DocuSign is one of the most impersonated brands in credential phishing attacks. Since the use of DocuSign is generally reserved for important and/or confidential documents, cybercriminals know posing as that brand and claiming tax documents are in need of attention will likely convince the target to not think twice about clicking on a link in an email they weren’t necessarily expecting to receive.

The decision of the attacker to send a bogus DocuSign notification does limit their opportunities to tailor the content to a specific theme. That being said, the perpetrator of this attack capitalized on every opportunity they did have.

They set the display name as “Irs by DocuSign” and referenced tax documents in both the subject line and the message content. The threat actor went so far as to include the name of an actual tax professional in the email body—all in an attempt to deceive the target into clicking on the Review Documents button and entering their information into a phishing page.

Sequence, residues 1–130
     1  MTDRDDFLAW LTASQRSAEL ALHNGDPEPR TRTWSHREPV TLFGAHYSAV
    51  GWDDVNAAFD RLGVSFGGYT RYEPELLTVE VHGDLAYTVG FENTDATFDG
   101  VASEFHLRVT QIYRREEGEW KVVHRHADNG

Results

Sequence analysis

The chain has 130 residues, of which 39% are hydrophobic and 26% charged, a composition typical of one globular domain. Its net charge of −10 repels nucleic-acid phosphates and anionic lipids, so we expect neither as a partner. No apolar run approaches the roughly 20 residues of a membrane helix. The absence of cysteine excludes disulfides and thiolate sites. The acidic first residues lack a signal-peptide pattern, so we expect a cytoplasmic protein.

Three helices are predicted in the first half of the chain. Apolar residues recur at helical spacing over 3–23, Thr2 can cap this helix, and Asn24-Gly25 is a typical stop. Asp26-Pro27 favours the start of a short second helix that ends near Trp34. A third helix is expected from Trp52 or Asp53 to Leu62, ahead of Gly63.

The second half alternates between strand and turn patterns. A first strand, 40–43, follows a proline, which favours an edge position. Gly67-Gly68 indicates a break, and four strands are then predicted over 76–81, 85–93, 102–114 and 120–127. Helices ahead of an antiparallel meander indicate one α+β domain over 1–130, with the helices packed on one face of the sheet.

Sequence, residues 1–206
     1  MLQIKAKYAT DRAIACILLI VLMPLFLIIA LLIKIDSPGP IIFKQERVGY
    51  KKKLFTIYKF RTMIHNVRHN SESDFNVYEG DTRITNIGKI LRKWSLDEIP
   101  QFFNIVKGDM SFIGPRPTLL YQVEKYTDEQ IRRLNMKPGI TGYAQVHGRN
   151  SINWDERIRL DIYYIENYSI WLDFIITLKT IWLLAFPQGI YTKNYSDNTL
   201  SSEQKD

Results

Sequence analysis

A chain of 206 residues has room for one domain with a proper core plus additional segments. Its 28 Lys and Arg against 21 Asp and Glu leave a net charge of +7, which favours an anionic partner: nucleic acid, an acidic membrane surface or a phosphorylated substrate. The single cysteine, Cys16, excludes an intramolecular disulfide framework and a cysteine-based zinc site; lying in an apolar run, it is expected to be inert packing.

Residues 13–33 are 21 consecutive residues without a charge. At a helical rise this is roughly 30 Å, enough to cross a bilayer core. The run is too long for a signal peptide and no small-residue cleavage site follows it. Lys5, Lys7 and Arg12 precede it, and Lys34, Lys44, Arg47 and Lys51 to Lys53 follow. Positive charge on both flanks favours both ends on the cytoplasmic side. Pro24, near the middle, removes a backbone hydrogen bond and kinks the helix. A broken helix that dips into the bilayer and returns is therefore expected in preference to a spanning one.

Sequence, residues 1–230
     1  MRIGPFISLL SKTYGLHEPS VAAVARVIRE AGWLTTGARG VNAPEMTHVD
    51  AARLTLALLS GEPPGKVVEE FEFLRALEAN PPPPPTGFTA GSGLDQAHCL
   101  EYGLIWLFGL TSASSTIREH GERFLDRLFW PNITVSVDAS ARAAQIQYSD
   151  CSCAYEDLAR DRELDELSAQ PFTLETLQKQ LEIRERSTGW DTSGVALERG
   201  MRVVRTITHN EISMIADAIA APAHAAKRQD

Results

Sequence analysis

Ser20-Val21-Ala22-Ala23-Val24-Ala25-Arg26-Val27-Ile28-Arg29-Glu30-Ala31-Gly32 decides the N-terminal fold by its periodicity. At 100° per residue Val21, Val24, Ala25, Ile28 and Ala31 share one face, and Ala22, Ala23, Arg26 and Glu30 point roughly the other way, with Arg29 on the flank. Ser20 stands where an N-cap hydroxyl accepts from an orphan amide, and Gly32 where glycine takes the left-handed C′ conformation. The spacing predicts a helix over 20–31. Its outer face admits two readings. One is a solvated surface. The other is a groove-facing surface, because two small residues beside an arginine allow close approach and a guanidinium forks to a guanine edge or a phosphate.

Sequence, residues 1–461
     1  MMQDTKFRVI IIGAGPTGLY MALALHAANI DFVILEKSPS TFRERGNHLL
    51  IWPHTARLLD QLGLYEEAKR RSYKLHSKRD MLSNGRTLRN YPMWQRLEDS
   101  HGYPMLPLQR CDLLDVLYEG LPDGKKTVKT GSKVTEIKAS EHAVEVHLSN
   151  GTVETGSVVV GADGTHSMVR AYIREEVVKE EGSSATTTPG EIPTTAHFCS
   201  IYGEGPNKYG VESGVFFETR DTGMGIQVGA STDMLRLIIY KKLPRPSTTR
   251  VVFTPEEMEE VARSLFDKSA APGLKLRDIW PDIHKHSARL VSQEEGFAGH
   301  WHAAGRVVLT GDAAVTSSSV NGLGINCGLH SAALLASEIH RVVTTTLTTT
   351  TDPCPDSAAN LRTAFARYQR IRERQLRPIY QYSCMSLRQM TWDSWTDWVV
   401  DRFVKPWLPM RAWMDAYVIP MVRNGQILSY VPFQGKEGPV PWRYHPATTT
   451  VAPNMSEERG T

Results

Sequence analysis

Tax Themed Email Scams Docu Sign QR Code

The sudden and widespread adoption of QR codes in 2020 presented attackers with a novel way to exploit trusted communication tools and deceive end users.

One of the biggest advantages that QR code phishing attacks like this one offer threat actors is that it moves the attack away from the target’s laptop—which is within the purview of the organization and its security controls—to the target’s mobile device, which lacks the same level of protection. Using a QR code instead of a hyperlink also obfuscates the destination URL, making it more difficult for legacy security solutions to determine if the link is safe or malicious.